GENEVA: The United Nations Human Rights Office on Tuesday expressed its concern over the increasing instances of threats of violence against journalists and human rights activists in Pakistan.
“We have followed with increasing concern numerous instances of incitement to violence – online and offline – against journalists and human rights defenders in Pakistan, in particular against women and minorities. Especially worrying are accusations of blasphemy – which can put accused individuals at imminent risk of violence,” said a spokesperson for the UN High Commissioner for Human Rights Rupert Colville in a briefing.
He also cited that last month many women journalists in Pakistan have warned about the “concentrated campaign” of Social Media attacks against “those critical of government policies”, the Dawn reported quoting the spokesperson.
“Pakistani women journalists last month publicly warned of what they described as a “coordinated campaign” of social media attacks against those who have been critical of Government policies,” the spokesperson said.
One of the journalists and Human rights defender Marvi Sirmed “received numerous messages on social media containing highly derogatory and violent language, including gender-based slurs and death threats”.
“Accusations of blasphemy on social media were followed by actual police complaints filed against Sirmed, whose personal details were also revealed on Twitter,” he added.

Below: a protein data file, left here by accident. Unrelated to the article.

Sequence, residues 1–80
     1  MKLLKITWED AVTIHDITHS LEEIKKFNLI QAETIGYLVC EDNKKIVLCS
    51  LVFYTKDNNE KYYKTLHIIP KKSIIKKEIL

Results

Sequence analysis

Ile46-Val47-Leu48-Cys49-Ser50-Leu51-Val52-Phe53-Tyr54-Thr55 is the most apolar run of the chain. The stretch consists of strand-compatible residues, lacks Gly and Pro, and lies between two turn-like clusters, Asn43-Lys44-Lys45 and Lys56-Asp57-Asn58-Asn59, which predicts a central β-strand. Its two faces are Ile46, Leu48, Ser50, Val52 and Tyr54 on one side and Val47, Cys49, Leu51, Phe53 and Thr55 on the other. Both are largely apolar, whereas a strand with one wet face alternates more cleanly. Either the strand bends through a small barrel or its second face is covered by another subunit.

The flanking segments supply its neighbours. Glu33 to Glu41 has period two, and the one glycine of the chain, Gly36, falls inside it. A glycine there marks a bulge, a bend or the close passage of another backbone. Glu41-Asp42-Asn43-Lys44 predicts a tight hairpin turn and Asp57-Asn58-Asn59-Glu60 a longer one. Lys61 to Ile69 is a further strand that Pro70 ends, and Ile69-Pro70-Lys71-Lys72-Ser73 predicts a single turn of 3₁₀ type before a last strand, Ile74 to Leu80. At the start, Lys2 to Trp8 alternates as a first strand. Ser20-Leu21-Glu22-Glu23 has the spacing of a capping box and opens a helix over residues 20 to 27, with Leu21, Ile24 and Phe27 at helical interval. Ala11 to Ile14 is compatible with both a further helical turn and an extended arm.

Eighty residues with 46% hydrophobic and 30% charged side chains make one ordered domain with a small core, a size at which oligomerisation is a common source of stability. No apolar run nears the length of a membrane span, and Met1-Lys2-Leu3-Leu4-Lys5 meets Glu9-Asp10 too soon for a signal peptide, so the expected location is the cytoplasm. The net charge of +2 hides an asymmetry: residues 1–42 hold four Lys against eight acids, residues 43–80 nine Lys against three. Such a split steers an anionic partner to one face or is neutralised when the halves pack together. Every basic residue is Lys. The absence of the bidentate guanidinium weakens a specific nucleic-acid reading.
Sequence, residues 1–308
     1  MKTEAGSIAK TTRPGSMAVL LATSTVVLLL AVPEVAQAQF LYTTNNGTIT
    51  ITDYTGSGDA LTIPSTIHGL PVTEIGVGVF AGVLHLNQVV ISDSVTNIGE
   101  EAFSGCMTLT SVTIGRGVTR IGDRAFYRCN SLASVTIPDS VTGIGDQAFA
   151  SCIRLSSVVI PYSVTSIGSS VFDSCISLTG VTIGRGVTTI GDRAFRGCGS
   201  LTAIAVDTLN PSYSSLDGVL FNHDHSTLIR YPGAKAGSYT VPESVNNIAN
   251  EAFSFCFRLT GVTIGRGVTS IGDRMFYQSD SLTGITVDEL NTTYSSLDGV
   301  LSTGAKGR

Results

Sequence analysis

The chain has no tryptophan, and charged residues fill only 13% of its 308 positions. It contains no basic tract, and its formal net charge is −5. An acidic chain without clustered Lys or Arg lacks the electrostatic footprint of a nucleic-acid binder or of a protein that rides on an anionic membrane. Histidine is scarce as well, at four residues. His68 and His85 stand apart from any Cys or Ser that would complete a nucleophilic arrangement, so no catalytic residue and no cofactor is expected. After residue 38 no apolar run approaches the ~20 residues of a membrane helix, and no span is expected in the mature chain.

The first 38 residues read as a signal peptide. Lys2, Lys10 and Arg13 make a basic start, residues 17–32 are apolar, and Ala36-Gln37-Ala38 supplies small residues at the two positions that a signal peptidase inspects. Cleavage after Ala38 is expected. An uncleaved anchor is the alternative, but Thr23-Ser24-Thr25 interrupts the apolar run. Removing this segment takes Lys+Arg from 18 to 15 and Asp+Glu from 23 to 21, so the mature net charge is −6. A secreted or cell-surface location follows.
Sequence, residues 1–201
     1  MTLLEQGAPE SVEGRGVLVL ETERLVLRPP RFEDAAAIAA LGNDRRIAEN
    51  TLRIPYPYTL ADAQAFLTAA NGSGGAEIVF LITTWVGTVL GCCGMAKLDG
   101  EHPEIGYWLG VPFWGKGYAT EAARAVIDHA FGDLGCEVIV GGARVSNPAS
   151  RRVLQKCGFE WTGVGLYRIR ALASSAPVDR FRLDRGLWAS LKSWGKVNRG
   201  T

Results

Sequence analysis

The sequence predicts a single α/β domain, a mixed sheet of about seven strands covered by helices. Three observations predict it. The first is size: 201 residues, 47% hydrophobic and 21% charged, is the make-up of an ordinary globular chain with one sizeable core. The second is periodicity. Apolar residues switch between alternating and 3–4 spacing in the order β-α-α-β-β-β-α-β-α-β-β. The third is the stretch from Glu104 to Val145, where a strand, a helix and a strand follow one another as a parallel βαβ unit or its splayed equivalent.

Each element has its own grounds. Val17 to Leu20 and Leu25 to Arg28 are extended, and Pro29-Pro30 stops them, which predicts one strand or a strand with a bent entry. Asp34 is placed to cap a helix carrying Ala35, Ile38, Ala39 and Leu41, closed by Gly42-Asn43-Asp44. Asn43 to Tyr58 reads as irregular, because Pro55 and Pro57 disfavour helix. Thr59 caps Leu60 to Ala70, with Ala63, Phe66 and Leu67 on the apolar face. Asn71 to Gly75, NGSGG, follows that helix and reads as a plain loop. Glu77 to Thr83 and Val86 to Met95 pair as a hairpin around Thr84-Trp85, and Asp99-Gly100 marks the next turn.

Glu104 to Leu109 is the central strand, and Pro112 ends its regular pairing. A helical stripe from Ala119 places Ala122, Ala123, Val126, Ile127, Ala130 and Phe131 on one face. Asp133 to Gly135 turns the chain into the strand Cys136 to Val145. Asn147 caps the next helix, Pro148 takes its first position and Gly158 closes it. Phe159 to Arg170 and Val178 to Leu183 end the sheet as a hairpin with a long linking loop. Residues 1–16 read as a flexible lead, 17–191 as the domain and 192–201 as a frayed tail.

Colville further said that in 2019, at least four journalists and bloggers were killed in connection with their reporting. Among them was Arooj Iqbal, a woman who was shot dead in Lahore as she sought to launch her own local newspaper. “Last Saturday (5 September), journalist ShaheenaShaheen was shot dead by unidentified men in Balochistan’sKech district,” he informed further.
“In the vast majority of such cases, those responsible have not been investigated, prosecuted and held to account. We have raised our concerns directly with the Government and we have urged immediate, concrete steps to ensure the protection of journalists and human rights defenders who have been subjected to threats,” he said.
Colville further stressed on the need for “prompt, effective, thorough and impartial” investigations with a view to “ensuring accountability” in cases of violence and killings.
“Victims and their families have the right to justice, truth, and reparations. We welcome that in the case of Shaheen, a number of high-level Government officials have condemned the murder and pledged to bring to justice the perpetrators,” he added.
The UN rights office also called on the Pakistani Government to “unequivocally condemn incitement to violence against religious minorities”. “We call on them to encourage respect for diversity of opinion. We encourage the Government to address impediments to the active protection of the right to freedom of expression, including by carrying out legal reforms,” the spokesperson said further.
In July, Reporters Without Borders (RSF), a Paris-based non-profit organization, has warned Pakistani authorities from targetting the country’s journalists based abroad and if anything happens to them or their families, the authorities will be held responsible.
Pakistan is ranked 145th out of 180 countries in RSF’s 2020 World Press Freedom Index, three places lower than in 2019. (ANI)